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Massachusetts Recreational Use Statute

Happy Marathon Monday! As the runners are out braving the wind, rain, and cold, we figured we'd write a running related blog post.

If you're running along a trail, trip on a root, and sprain your ankle, the municipality is liable, right?

If you're running on a paved path, step in a pothole, and cut your knee so that you need stitches, the municipality is also liable, right? The short answer is no. Under the Massachusetts Recreational Use Statute, GL c. 21 §17C, landowners who open their land to the general public for recreational use are immune from liability for injuries suffered by recreational users of their land, unless the landowner acts in a willful, wanton, or reckless manner or if the user paid a fee to use the land. Therefore, simple negligence on the part of a landowner is not enough to create liability; a plaintiff needs to show that the landowner acted in a willful, wanton, or reckless manner --terms that the courts have given meaning over the years.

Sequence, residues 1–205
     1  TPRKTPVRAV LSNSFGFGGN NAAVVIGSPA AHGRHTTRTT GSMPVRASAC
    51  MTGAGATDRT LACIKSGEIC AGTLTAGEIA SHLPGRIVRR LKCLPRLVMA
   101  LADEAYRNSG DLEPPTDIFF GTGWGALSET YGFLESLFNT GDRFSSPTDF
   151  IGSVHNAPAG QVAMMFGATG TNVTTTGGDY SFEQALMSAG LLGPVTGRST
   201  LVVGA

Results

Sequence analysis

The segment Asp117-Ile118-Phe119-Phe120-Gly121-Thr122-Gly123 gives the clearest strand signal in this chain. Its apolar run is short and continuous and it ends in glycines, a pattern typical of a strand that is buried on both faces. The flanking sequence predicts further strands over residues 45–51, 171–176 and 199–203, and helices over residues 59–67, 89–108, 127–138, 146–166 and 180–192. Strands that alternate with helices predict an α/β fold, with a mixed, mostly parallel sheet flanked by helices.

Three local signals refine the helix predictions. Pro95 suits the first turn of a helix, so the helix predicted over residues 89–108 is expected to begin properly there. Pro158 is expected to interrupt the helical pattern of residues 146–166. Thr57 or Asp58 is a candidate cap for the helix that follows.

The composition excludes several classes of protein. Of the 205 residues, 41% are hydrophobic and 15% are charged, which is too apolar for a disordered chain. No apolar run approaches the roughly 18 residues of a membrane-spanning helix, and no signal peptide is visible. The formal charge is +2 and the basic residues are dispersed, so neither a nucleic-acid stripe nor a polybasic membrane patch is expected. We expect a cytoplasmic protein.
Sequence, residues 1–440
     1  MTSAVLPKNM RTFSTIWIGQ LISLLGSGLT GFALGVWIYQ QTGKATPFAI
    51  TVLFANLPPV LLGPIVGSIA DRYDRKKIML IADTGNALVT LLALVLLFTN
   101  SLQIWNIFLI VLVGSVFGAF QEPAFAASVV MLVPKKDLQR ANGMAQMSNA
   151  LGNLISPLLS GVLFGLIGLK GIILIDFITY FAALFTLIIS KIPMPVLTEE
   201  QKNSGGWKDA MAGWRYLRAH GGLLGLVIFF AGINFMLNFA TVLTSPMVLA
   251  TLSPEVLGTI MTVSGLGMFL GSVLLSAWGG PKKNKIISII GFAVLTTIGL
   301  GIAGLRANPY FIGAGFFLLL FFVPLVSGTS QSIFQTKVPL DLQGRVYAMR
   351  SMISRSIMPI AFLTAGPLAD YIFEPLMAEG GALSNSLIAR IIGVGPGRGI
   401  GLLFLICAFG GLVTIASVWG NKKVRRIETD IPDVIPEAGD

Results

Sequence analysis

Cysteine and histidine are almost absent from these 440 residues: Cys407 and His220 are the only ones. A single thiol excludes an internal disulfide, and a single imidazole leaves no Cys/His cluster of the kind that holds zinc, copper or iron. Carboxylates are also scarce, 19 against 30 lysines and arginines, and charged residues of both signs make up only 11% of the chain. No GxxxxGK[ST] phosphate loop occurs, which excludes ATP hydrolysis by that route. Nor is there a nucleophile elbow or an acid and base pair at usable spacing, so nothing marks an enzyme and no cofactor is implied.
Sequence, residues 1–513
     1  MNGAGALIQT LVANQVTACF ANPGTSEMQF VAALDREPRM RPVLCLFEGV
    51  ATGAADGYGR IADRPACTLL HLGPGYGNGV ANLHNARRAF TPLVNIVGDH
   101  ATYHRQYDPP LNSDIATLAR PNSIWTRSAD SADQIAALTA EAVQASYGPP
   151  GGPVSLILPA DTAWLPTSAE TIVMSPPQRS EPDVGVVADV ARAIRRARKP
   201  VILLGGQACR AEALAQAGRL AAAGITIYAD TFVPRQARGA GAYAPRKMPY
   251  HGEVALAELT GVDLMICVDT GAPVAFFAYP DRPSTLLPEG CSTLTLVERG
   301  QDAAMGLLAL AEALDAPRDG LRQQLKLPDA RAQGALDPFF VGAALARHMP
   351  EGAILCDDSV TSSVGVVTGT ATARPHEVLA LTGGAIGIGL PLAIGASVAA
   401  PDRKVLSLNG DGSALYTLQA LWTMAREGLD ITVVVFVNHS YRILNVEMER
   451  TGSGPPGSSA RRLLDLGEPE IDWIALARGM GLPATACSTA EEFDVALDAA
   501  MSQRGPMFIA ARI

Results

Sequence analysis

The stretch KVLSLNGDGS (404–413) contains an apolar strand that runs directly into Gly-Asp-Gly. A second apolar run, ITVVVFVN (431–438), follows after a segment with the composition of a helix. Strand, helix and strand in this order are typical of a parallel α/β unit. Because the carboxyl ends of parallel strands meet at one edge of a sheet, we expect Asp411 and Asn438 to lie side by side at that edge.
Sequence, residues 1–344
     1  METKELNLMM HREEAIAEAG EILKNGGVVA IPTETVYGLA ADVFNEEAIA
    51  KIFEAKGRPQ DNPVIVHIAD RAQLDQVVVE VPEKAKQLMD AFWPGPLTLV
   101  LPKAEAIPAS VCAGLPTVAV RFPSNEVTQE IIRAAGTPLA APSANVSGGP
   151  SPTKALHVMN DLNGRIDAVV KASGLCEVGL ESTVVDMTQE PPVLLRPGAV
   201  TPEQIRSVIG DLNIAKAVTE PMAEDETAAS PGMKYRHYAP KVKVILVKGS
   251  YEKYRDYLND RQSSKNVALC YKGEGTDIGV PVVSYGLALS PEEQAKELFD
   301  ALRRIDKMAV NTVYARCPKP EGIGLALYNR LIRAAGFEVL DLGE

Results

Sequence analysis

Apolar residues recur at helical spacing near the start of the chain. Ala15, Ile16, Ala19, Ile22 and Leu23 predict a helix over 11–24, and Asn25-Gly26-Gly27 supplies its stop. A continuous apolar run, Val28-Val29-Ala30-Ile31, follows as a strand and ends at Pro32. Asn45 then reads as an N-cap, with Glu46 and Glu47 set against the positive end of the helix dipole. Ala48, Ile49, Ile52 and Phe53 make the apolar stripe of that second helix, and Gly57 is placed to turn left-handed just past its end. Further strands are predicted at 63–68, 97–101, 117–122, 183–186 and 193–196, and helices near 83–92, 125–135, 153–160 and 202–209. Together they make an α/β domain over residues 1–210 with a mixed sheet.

Under the Massachusetts Recreational Use Statute, landowners, including municipalities, have avoided liability for injuries suffered by recreational users engaging in some of the following activities: bike riding through Franklin Park at night on the way home from the store; tripping on city property; being hit on head by top of storage box while trying to get a toy at the city playground; fracturing an ankle after tripping on cracked stairs; and injuring oneself on a defective softball field home plate.

How can the Law Office of Thomas R. Davis help you?

If you're ever injured while running, biking or doing some other outdoor activity, we're here to help you.

Call us anytime at (617) 431-3887 for a free, no obligation attorney consultation. You can also schedule a free 60 minute consultation online at www.thomasdavislaw.com. We are here to provide you with the quality representation that you deserve.

#KnowYourRights #PersonalInjury #SportsInjury